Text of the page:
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Generates nice heroku-ish hash from the string

Project description

hasheroku
============

Traditional hashing seems boring and mundane?
Can't bear the heartlessness of their musty hex strings?
Put down the razor: we have something for you.

.. code:: python

hasheroku('Hashing goes bananas!') # -> 'throbbing-mountain'
hasheroku('Hashing goes bananas.') # -> 'summer-frost'
hasheroku('Hasheroku goes bananas!') # -> 'withered-star'
hasheroku('Everything goes bananas!') # -> 'icy-thunder'

:code:`hasheroku` hashes strings into nice hashes, using heroku naming conventions.
It's like a heroku random names `generator`_, but hashing function!

**DISCLAIMER**: There are only 64x64 = 4096 unique combinations of heroku names, so *there will be a whole lot of collisions*.
That's why never use bare heroku hashes (i.e. without hex suffixes — explained `below`_) in the situations, where you are going to generate a lot of hashes!

.. _generator : https://github.com/usmanbashir/haikunator
.. _below : https://github.com/universome/hasheroku#usage

Installation
============
You can install :code:`hasheroku` using :code:`pip`:

.. code:: bash

pip install hasheroku

Usage
============
If you are not going to hash a lot of strings and/or do not care about collisions, than you can use it in a standard way:

.. code:: python

hasheroku('I love hashes!') # -> 'old-fiesta'

You can use your own separator with :code:`separator` argument:

.. code:: python

hasheroku('I love hashes!', separator='~') # -> 'old~fiesta'
hasheroku('Maaan, who does not like hashes?!', ' ') # -> 'lingering shadow'

If you are really serious and responsible about your hashing and would like to avoid collisions, then you can append part of the hash from the :code:`sha256` digest to the produced heroku hash.
This can be done with an optional :code:`suffix_len` argument:

.. code:: python

hasheroku('I love hashes!', suffix_len=5) # -> 'old-fiesta-cd298'
hasheroku('I love hashes!', 10, '~') # -> 'old~fiesta~cd29895f2a'
hasheroku('Maaan, who does not like hashes?!', 30, ' ') # -> 'lingering shadow a7c1c6cd56a755c3e87d9b667ef9dd'

In this case, of course, you lose all the awesomeness of human-readable hashes and can just use traditional hashing functions.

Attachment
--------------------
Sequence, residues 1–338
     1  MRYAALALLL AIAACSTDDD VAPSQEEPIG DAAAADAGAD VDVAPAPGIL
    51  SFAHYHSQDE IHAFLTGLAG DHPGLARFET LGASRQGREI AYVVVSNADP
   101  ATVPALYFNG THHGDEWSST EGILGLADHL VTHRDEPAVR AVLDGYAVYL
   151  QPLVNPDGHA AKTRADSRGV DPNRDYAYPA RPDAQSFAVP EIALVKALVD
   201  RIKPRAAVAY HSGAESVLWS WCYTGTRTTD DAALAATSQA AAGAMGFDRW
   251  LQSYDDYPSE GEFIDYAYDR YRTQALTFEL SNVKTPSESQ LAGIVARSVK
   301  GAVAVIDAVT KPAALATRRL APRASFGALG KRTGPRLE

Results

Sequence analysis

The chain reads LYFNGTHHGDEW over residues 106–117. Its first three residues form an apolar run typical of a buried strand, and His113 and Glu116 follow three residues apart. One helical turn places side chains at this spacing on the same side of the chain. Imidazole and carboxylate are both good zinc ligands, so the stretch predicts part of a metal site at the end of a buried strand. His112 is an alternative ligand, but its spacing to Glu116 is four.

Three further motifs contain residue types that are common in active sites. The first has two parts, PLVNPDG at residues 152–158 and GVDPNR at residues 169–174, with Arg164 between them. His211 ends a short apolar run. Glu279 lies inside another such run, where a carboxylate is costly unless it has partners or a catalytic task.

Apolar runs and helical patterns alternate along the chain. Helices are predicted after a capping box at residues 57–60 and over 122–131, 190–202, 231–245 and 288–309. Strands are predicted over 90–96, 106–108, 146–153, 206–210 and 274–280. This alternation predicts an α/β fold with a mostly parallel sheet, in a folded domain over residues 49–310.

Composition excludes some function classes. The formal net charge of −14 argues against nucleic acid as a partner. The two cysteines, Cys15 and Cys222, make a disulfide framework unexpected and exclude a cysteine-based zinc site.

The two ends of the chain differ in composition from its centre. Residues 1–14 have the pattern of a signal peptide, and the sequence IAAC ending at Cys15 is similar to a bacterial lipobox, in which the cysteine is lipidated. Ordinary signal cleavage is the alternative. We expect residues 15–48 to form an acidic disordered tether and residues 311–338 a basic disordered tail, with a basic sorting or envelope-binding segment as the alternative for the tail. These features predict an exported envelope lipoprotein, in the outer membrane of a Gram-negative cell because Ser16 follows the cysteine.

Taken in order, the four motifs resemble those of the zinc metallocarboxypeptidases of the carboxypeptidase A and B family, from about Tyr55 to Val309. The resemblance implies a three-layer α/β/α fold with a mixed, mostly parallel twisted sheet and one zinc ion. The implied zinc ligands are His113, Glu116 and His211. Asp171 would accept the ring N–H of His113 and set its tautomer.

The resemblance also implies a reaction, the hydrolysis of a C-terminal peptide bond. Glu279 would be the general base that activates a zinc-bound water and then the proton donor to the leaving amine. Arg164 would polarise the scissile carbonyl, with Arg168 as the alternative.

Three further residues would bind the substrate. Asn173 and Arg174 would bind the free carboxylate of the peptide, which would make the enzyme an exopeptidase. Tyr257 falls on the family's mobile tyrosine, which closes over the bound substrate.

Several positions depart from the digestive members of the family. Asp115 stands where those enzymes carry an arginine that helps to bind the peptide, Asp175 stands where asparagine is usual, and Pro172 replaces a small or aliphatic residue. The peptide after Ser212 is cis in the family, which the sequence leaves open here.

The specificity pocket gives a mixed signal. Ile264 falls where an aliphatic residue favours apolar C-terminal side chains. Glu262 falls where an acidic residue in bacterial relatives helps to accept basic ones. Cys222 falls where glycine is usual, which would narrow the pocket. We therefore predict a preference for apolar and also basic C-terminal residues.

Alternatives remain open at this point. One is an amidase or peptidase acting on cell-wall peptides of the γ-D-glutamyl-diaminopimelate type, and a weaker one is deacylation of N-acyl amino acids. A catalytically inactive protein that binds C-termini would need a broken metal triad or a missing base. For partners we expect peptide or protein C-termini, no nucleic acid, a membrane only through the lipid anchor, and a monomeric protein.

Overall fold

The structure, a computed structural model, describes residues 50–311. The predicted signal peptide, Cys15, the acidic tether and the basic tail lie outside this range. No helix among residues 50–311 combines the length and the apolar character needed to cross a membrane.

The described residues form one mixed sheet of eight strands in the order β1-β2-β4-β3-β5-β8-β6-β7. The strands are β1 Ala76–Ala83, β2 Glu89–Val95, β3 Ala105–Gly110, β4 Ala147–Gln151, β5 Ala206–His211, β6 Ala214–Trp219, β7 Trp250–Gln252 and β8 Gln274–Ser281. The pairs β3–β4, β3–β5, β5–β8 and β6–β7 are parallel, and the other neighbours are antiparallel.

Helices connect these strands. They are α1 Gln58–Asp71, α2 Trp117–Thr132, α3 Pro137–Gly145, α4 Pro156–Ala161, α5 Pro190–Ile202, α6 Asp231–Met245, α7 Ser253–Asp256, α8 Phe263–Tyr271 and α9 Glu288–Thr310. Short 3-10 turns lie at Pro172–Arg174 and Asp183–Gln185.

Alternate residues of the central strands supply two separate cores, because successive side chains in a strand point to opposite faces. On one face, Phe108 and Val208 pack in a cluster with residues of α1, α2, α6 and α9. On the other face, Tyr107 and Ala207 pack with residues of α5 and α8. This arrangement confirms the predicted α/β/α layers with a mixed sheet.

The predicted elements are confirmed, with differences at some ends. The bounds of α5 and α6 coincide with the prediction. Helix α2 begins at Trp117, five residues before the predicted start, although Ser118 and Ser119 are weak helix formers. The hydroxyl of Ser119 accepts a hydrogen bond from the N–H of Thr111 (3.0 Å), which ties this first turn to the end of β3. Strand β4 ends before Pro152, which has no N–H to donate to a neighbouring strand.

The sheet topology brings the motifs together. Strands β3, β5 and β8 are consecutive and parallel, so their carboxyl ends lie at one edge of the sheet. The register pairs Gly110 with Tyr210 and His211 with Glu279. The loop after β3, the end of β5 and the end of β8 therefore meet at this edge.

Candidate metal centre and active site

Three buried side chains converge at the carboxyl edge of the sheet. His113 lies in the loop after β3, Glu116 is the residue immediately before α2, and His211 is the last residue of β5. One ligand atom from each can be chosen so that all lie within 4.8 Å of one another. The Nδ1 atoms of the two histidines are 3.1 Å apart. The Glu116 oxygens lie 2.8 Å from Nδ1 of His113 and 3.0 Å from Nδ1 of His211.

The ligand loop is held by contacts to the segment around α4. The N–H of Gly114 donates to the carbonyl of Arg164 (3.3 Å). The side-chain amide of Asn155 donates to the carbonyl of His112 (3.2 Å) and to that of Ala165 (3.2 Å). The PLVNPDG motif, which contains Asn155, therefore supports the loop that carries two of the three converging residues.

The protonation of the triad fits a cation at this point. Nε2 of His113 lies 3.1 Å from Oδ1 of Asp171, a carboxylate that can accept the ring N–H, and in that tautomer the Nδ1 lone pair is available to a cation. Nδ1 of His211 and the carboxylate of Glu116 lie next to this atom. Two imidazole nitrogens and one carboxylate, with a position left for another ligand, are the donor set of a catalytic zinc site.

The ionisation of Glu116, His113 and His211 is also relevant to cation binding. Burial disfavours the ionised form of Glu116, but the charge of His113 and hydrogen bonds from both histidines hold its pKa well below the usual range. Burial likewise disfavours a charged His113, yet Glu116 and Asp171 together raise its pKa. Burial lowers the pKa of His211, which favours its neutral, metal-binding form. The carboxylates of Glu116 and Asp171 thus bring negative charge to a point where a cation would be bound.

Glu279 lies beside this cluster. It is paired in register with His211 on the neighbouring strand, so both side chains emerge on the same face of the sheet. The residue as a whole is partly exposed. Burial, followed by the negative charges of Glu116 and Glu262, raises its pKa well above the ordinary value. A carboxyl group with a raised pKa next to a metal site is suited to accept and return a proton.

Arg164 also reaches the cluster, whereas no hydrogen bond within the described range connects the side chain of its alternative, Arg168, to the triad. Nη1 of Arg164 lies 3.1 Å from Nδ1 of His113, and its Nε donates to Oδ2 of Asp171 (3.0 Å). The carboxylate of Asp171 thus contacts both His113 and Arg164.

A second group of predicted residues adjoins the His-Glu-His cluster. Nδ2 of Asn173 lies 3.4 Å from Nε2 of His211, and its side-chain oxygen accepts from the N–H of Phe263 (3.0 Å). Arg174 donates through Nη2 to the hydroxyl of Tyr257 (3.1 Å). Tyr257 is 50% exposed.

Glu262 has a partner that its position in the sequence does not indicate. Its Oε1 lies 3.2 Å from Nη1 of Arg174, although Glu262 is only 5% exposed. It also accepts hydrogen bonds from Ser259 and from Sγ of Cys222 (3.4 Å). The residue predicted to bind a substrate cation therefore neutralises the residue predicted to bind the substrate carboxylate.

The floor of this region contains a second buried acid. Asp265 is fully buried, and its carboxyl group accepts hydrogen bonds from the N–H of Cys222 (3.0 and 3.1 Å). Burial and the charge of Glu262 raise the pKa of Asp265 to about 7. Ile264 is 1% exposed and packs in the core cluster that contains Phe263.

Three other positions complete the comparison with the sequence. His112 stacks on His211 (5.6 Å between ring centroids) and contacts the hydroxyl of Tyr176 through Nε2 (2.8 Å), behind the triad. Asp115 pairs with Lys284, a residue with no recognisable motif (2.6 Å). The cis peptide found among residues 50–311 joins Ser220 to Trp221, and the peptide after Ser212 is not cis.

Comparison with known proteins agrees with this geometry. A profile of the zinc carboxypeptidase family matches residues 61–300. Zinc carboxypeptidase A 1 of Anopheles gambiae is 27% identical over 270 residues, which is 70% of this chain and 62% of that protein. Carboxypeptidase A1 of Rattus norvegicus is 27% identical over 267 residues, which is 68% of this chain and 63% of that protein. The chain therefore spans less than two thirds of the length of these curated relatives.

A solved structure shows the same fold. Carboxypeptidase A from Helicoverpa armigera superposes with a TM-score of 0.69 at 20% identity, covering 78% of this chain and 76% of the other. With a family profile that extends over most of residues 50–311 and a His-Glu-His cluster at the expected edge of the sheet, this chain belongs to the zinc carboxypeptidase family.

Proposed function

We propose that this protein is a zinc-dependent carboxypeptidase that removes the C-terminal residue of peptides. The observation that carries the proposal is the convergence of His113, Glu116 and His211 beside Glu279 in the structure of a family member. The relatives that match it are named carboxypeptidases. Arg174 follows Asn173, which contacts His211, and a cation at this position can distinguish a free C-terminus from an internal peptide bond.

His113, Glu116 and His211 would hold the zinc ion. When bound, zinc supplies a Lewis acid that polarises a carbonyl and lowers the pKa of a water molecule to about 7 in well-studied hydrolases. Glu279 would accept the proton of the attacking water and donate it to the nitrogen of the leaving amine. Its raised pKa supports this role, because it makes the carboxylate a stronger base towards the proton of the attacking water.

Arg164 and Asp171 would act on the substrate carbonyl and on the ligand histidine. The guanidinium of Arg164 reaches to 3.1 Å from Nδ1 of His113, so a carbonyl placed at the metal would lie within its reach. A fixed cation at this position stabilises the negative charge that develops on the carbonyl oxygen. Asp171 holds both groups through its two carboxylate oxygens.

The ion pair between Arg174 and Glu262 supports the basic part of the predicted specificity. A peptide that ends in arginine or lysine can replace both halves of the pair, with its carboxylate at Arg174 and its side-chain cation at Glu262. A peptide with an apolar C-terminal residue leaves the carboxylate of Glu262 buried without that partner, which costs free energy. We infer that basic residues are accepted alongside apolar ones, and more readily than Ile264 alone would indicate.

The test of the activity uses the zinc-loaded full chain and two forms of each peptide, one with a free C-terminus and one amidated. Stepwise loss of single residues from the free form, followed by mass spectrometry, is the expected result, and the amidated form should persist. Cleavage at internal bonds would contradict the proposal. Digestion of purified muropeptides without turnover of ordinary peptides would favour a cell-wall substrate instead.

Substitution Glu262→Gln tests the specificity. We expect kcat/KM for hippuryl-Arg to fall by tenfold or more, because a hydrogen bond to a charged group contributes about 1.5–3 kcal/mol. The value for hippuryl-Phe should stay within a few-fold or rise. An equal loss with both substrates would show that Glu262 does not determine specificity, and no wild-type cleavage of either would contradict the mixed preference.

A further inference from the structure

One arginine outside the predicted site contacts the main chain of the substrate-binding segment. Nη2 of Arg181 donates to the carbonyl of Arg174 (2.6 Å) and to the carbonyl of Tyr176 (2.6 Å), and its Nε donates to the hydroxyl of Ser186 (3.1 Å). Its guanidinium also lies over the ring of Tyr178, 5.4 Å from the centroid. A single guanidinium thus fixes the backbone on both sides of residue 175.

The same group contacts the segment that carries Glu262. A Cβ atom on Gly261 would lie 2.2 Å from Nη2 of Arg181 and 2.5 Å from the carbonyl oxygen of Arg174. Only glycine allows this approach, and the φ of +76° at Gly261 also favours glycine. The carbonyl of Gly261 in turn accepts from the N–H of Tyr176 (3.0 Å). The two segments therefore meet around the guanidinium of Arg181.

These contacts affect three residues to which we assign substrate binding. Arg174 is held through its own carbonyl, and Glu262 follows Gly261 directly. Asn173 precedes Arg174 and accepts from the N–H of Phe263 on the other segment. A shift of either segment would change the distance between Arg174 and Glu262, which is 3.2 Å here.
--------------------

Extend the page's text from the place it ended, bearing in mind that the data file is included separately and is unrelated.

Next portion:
Are all names equally likely to be generated?
============
Yes. First, we get sha256 hash of the string, than we project its first 4 hexadecimal characters into heroku adjectives and names.
As long as these 4 characters are uniformly distributed (and they do) and we project them properly (and we do) — our hashes are uniformly distributed too.
The problem, of course, is with the tiny amount of possible names, that's why we have a lot of collisions.

Man, why?
============
This project can be useful when you regurarly deploy services/run experiments and want their names to be a hash of their config file.
Using traditional hashing like md5/sha256 makes the names look ugly and their large entropy is not needed at all in such a case.

Contributing and TODOs
============

.. |ss| raw:: html

<strike>

.. |se| raw:: html

</strike>

If you feel like you have nothing else to do with your life, you can contribute to this project.
It will be cool to make the following things:

* Write a proper test for uniformity. There is a Kolmogorov-Smirnov test to check if a random variable is uniform, but it works only with continuous variables. And I do not know how to check the same thing for discrete ones (friendly, I didn't google this much, because I was a little bit |ss| lazy |se| busy).
* Add more names and adjectives. This will allow us to reduce amount of collisions. Currently, I've hardcoded usage of only 64 adjectives/names. To sample properly I suppose we should take binary digest of the sha256 and use `this`_.

.. _this : https://stats.stackexchange.com/questions/70073/generating-discrete-uniform-from-coin-flips

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